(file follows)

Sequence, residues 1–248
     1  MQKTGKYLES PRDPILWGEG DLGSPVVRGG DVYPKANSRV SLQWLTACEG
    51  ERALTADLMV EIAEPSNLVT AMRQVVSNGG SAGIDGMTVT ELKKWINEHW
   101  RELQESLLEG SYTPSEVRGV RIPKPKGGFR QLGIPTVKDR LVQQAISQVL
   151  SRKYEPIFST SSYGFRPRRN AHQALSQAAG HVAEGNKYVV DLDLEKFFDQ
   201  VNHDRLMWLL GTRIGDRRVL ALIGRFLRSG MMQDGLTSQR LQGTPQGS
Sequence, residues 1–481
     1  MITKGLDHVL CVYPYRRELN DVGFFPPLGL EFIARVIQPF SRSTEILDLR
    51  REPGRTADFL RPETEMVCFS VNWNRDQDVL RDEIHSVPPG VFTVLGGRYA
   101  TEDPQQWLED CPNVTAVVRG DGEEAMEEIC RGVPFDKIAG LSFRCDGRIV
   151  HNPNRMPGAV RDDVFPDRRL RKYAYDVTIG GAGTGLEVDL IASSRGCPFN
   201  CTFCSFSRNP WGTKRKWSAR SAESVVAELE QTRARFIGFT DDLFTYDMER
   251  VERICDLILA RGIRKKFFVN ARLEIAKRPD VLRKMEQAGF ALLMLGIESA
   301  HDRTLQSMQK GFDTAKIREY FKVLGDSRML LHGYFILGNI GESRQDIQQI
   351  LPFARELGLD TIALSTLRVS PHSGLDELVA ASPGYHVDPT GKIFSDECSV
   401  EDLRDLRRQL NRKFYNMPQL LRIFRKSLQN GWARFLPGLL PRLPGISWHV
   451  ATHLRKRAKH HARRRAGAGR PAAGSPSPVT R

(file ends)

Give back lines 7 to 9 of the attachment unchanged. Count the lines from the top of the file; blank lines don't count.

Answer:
Sequence, residues 1–481
     1  MITKGLDHVL CVYPYRRELN DVGFFPPLGL EFIARVIQPF SRSTEILDLR
    51  REPGRTADFL RPETEMVCFS VNWNRDQDVL RDEIHSVPPG VFTVLGGRYA